Forward fusion: Building a nuclear future in Wisconsin

January 13, 2023, 3:27PMNuclear NewsTim Gregoire
SHINE’s isotope production building, called the Chrysalis, under construction in October 2022.

In a former farm field just outside the historic town of Janesville in south-central Wisconsin, a large concrete-and-steel building is taking shape. Dubbed the Chrysalis, the building will eventually house eight accelerator-based neutron generators, which start-up company SHINE Technologies will use to produce molybdenum-99. As the precursor to the medical radioisotope technetium-99m, Mo-99 is used in tens of millions of diagnostic procedures every year, primarily as a radioactive tracer.

At the heart of the Chrysalis will be the high-flux neutron generators, being supplied by SHINE’s sister company, Phoenix. The compact accelerators use a deuterium-tritium fusion process to produce neutrons, which in turn induce a subcritical fission reaction in an aqueous low-enriched uranium target (19.75 percent uranium-235) to produce Mo-99.

NRC seeks comments on language for proposed advanced reactor rulemaking

November 10, 2020, 6:58AMNuclear News

The Nuclear Regulatory Commission is requesting public input on preliminary language for a proposed rule that would set out a risk-informed, technology-inclusive framework for the licensing and regulation of advanced nuclear reactors, according to a notice published in the November 6 Federal Register.

The Nuclear Energy Innovation and Modernization Act, or NEIMA, signed into law in January 2019, tasked the agency with developing a regulatory infrastructure for the development and commercialization of advanced reactors.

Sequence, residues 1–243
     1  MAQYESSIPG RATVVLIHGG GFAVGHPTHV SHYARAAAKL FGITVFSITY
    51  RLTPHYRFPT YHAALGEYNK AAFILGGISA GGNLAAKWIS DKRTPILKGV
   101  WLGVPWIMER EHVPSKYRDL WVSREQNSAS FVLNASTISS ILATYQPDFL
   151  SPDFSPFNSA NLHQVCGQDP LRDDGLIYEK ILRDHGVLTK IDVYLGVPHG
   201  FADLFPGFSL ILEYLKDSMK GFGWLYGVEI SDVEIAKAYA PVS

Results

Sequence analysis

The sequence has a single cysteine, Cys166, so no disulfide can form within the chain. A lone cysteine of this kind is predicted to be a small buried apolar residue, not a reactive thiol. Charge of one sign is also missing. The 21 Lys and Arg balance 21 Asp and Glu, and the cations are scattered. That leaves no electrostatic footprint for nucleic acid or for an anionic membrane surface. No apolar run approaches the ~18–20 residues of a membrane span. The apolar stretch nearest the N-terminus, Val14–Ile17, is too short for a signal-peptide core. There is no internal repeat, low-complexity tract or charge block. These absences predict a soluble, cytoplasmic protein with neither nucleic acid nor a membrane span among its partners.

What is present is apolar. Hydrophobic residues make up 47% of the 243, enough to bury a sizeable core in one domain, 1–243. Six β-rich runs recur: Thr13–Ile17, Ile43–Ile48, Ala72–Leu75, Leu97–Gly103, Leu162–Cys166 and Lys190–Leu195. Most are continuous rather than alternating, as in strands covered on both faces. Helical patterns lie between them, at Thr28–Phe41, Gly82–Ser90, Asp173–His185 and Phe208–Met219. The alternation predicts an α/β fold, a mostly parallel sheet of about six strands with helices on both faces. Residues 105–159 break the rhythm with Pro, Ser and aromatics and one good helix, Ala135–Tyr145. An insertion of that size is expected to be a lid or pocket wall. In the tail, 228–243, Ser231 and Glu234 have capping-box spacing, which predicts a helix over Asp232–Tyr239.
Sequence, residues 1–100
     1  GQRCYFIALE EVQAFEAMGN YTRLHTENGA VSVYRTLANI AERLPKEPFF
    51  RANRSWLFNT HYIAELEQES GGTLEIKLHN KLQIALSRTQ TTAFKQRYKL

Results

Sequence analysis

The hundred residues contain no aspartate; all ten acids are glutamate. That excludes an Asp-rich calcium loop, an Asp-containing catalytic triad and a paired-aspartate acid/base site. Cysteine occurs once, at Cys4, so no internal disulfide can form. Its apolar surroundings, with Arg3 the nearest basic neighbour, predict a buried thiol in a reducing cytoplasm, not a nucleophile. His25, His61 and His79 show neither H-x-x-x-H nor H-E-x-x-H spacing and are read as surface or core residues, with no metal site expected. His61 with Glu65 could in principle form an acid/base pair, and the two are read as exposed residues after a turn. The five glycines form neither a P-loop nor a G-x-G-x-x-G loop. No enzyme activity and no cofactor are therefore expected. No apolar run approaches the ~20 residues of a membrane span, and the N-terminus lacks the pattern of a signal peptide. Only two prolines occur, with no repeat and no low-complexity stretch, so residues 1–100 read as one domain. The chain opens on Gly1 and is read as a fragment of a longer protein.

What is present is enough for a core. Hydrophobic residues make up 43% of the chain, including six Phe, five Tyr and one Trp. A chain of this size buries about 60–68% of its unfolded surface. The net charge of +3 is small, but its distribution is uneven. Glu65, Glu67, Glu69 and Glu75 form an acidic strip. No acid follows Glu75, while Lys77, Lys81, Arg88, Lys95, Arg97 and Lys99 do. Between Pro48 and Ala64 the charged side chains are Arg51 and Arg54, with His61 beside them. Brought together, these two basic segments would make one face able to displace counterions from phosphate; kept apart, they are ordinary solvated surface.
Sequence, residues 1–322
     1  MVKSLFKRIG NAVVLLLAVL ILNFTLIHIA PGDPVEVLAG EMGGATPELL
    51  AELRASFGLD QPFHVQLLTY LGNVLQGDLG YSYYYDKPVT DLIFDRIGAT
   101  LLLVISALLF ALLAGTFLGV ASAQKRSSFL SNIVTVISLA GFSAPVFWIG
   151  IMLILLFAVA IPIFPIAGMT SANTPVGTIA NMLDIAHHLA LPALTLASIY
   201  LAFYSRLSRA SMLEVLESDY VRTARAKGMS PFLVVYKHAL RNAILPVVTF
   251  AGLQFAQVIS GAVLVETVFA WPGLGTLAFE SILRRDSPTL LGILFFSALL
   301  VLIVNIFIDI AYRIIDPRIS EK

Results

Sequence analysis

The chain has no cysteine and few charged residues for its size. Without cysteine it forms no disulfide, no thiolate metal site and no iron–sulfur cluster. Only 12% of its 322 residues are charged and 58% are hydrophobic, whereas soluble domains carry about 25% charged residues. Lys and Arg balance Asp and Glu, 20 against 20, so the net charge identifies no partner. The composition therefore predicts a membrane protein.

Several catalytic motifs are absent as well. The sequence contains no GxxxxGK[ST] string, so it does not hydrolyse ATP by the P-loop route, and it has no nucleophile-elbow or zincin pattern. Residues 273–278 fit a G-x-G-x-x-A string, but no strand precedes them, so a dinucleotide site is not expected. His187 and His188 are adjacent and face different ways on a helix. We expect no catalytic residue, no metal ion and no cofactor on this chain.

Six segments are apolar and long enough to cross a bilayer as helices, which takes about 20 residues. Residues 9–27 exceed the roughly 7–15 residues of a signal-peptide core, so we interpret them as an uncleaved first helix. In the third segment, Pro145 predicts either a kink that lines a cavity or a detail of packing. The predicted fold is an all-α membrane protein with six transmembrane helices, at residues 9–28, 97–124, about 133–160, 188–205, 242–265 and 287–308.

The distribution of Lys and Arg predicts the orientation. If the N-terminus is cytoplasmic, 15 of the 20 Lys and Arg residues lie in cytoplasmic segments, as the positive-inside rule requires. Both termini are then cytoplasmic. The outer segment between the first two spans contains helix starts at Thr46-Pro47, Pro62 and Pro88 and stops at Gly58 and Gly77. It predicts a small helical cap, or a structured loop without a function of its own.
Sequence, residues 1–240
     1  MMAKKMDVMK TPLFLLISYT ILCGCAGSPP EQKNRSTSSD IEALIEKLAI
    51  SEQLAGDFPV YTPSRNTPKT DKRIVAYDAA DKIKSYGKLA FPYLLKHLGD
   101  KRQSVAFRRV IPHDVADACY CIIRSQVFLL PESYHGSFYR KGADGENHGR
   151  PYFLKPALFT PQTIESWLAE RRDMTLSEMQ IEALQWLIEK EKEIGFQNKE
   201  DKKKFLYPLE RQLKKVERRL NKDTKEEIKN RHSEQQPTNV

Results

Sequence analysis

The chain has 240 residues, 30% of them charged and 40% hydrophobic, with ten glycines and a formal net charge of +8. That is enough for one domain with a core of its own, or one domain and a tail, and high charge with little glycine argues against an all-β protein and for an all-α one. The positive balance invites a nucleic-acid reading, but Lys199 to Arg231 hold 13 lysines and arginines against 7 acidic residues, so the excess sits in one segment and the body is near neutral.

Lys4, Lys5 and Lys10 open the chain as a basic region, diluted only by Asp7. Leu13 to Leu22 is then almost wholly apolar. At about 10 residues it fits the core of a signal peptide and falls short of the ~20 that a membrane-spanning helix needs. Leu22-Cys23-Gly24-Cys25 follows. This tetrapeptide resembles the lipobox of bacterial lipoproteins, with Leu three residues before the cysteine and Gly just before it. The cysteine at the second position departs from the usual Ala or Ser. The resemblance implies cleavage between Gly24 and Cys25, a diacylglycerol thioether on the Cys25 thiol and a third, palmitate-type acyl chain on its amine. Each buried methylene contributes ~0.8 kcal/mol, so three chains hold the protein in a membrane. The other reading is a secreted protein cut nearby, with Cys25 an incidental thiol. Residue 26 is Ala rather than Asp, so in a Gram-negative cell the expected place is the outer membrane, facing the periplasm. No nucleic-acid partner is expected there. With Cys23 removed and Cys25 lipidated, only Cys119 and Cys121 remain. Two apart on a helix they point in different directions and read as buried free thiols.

Holtec steps up efforts for SMR design certification

November 4, 2020, 3:01PMNuclear News

Artist’s rendering of a Holtec SMR-160 plant. Image: Holtec International.

Holtec International announced yesterday a drive to secure Nuclear Regulatory Commission design certification of the company’s SMR-160 small modular reactor on an accelerated schedule.

According to the announcement, Holtec met with NRC officials and staff on September 30 to present a licensing roadmap that charts what the company referred to as a “seamless progression from [10 CFR Part 50] to [10 CFR Part 52] and a licensing topical report submittal schedule to support an accelerated availability plan for our global customers.”

The first planned submittal, scheduled to occur within the next few weeks, is a topical report covering the SMR-160’s essential safety features: the Passive Core Cooling System (PCCS) and Passive Containment Heat Removal System (PCHR). These systems, Holtec said, “undergird the SMR’s guaranteed safety under the various operational occurrences and hypothetical accidents that may afflict the plant.”

The submittal also aims to demonstrate that the PCCS and PCHR comply with the NRC’s General Design Criteria (Part 50, Appendix A), “an important enabler to expedite licensing efforts,” according to Holtec.